Incising markedly improves both the depth and uniformity of preservative treatment of refractory wood species, but there are few studies directly comparing the effects of incising depth and density on penetration and retention of commonly used waterborne preservatives in wood species from the western United States. The effects of two incision densities (7300 and 8900 incisions/square meter) at two depths (5 and 7 mm) were investigated using two strength classes of Douglas fir, hem fir and spruce-pine-fir lumber. In general, grade or strength class had no significant effect on treatability. Treatability markedly improved with increasing incision depth, while increased incision density produced less tangible results. Ammonia-based treatments were associated with deeper penetration reflecting the ability of the heat and/or ammonia to improve preservative penetration. Further studies are underway to evaluate the effects of incising and subsequent preservative treatment on strength properties.
M Anderson, J J Morrell, J E Winandy


Examination of the Pilodyn as a non-destructive test method for detecting decay in CCA treated eucalypt poles
1982 - IRG/WP 2177
Below groundline condition of 274 CCA treated eucalypt poles comprising 13 different species was examined using 6 and 12 Joule Pilodyn units with 2 and 2.5 mm diameter pins. The data obtained was used to calculate regressions of density on pin penetration. A decrease in density was accompanied by an increase in pin penetration. The best correlation was found using the 6 Joule, 60 x 2.5 mm² diameter pin. The results are discussed with comments on future work with the Pilodyn.
L E Leightley


A study of wood quality of Juglans nigra and hybrid walnut (MJ 209xRA) : durability against Coriolus versicolor, density and MOR
2004 - IRG/WP 04-10522
The study investigated possible effects of harvesting season on some wood properties of Juglan nigra (JN) and a hybrid walnut (MJ209xRA). The samples were taken from trees which were harvested in June July, August, November of the same year, and March in the year after to determine whether there were any significant differences in wood properties as regards the harvesting seasons. In order to test the durability of the 648 wood samples white rot fungus Coriolus versicolor challenge test (EN113 (AFNOR 1994) was applied by using agar culture medium. The bending strength was also determined after a sixteen-week exposure to the above mentioned fungus. The data obtained clearly indicated that the heartwood of JN was more durable than its sapwood. JN sapwood was more durable than MJ209xRA sapwood. The same trend was observed with the Modulus of rupture (MOR : EN 310): the heartwood displayed higher MOR value than the sapwood. Wood density measurements also demonstrated that the wood density values of the sample heartwoods were much higher than those of the sapwoods. Results also illustrated that, from the wood durability point of view, March is the least interesting period for harvesting. June and November, on the other hand, proved to be more favourable periods as regards harvesting. This study clearly indicates that the durability and the strength of the hybrid walnut (MJ209xRA) are lower than those of the walnut (Juglans nigra), and this fact should be considered in the exploitation of hybrid wood.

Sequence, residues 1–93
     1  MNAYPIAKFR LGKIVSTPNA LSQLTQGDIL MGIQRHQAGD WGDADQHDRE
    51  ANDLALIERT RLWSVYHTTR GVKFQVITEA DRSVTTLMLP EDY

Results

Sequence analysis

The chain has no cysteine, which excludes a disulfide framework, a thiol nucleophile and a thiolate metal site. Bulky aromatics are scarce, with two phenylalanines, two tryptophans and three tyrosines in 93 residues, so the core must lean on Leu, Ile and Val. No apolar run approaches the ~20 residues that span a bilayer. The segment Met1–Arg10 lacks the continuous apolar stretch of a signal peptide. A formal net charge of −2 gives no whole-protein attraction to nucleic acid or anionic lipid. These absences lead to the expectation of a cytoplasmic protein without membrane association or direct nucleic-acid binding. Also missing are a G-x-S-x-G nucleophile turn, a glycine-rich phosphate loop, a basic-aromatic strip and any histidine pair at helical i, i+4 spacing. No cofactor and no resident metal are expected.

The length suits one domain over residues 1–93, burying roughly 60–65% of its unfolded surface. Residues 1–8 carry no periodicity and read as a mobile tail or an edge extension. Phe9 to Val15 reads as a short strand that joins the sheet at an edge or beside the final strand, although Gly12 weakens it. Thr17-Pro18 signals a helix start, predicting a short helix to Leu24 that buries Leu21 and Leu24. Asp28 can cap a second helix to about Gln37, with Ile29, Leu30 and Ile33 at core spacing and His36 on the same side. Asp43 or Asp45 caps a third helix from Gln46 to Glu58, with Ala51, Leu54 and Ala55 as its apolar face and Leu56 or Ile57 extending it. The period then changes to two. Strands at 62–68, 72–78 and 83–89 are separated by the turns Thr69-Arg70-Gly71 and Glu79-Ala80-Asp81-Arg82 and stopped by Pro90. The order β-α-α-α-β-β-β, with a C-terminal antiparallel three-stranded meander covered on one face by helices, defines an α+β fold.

B Charrier, F Charrier, D P Kamdem, J B Aurel, G Janin


Determination of total fluoride in preservative-treated wood by ion selective electrode, without steam distillation
1996 - IRG/WP 96-20086
An analytical method was developed to determine total fluoride in wood treated with aqueous fluoride or borate-fluoride formulations. Ground wood was mixed with 60% sodium hydroxide solution and oven-dried overnight before furnacing at 600°C. The cool fused product was dissolved in warm water before adding a powerful complexant/buffer solution containing sulphosalicylic acid and EDTA. Fluoride was measured by ion-selective electrode (ISE) against appropriately matrix-matched calibration standards containing 1, 10, or 100 ppm F. The method compared favourably with two alternatives; one employed the time-consuming distillation step included in the AWPA A2 1994 method, with a titration finish, and the second employed a double fusion and ISE finish, using TISAB buffer. The chosen buffer system exhibited better capacity than TISAB to complex excesses of model interferant Al. B and Si were also accommodated. Recovery from spiked Eucalyptus maculata (at 0.05-0.5% m/m F) was 94-96%. Precision when analysing Alstonia scholaris containing 0.35% m/m F was about 2%. The method enables better throughput than the AWPA A2 94 method
M J Kennedy